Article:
In l986 Alex Solomon, seven years after his retirement, wrote this reflection on his ministry, in protest at the 1985 proposals of the Pastoral Committee for the re-organisation of the parishes south of the Commercial Road (details here), which would have declared St George-in-the-East redundant and redeveloped the building for housing. [Pictured: the Solomons in Worthing]

On the Appointment of the Rector of the Restoration of a Ruin

In l958 the Bishop of Stepney – Evered – said  (for 25 minutes he spoke) S. George-in-the-East is a ruin .... if I have painted a drab, grey, gloomy picture, I have not exaggerated one bit. We have a plan to restore it with a hall and flats for staff within the building. The Archdeacon of Hackney will fill in the details. Go and see him and the parish and consider whether you would accept it as a living.

The Archdeacon (Hodgins) said that the L.C.C., War Damage Commission, Historic Churches Association, The Georgian Society, the Hawksmoor Society and the Fine Arts Commission had approved the plan. The Architect was Arthur Bailey who had put it out to selective tender. Eight specialist builders of churches were applying and Arthur Bailey had the drawings and plans. Arthur Bailey said It is a privilege for an architect to be chosen to re(build) a church. I do it with a deep sense of humility and pride.

The Rural Dean said that the feeling in the Deanery among the clergy was that the restoration of S. George's would be ill-advised – a white elephant – much better to use war damage for a purpose-built brick church in the site of S. John's, Golding Street, the geographical centre of the parish.

The parishioners and the P.C.C. said it would be a relief to have anything. They were tired of the pre-fab hut they had been using as a church. BUT – would it really happen that S. George's would be restored. They were tired of hearing about plans – they wanted action!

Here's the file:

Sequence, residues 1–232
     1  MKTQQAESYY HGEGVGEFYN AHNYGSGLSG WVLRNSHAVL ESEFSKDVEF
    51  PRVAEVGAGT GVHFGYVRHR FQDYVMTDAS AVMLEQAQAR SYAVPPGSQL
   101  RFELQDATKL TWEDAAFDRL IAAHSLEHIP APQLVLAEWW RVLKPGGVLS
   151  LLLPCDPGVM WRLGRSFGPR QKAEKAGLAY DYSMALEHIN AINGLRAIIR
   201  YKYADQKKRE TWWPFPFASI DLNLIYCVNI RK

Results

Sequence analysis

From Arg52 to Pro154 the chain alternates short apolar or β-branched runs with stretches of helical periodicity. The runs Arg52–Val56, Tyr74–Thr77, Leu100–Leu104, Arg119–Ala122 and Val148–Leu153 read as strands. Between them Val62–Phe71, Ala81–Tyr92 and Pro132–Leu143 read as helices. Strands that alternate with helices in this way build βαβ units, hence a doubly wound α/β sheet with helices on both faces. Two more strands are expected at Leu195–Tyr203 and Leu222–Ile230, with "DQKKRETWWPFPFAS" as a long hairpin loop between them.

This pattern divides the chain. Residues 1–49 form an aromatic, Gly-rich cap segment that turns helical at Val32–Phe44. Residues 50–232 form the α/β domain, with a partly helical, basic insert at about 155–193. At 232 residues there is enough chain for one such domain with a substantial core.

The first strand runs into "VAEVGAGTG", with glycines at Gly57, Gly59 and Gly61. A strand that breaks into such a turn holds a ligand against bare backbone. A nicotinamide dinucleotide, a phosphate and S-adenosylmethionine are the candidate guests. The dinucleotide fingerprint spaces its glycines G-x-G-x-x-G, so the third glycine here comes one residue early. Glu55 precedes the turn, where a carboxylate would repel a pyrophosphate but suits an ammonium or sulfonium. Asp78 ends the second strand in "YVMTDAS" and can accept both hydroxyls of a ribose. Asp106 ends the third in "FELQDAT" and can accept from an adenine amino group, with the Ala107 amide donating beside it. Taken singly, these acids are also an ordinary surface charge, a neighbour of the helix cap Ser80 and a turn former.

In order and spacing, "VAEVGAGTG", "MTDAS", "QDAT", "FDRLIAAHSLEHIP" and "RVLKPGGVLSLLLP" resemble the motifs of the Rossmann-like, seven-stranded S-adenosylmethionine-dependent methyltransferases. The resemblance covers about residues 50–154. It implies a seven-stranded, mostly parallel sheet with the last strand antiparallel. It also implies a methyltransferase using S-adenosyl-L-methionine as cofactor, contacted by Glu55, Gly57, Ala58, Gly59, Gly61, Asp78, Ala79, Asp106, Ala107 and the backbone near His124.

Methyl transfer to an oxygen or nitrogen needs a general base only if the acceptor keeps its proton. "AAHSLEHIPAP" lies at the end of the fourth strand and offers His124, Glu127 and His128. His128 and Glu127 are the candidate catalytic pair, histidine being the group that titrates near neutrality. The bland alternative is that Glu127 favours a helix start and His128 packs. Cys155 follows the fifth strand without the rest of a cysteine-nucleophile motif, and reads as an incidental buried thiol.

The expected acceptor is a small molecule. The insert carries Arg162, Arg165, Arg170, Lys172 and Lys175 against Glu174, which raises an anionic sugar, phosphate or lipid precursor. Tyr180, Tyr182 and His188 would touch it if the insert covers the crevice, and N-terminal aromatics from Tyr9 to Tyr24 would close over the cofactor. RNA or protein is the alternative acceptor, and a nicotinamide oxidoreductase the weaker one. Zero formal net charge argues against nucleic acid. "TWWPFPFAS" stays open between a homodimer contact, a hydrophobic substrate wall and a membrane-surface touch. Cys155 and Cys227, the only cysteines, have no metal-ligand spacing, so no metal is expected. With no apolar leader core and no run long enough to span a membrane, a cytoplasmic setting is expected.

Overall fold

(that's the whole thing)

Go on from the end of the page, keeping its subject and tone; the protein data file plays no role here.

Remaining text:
I had had some time to think during the 2½ year lag before restoration began – and to pray for inspiration as to what to make of this novel adaptation of a Hawksmoor Church, nobly conceived architecturally and about to be restored as a practical all-purpose Church unit.

Two factors seemed to emerge:-
i)  Stepney had been bombed out of all recognition and had to be replanned and rebuilt.
ii) Ancient and Modern were the watchwords: the best of the Old preserved, the best of modern materials and technology used.

S. George's must be rebuilt with modern technology and materials within the framework of Hawksmoor's walls and tower. The baroque shell preserved, the interior invested with a fuller life. At the Heart of the building a new smaller significant SOUL: around it human life inspired by it being lived in; the flats occupied by staff; the hall available to all, for every kind of social, educational, artistic use.

As the building began to be used an even fuller significance seemed to emerge. Within the first year and from the first glorious Eucharist of the Restoration and Rededication, it gave the lie to the Bishop of Stepney's fears that the building would be a financial liability. Not only did the F.W.O. increase in money and membership but the Hall attracted Orchestras, Drama Societies, Art Examinations, Opera, Theatre – all eager to use the facilities and contribute to the finances [see list below, which he had compiled in 1979]

We thought we had a restored Church with social, educational, artistic and dramatic assets for the use of the best organisations in London, but very soon the five elements knit together and an ecumenical and sacramental unit was emerging.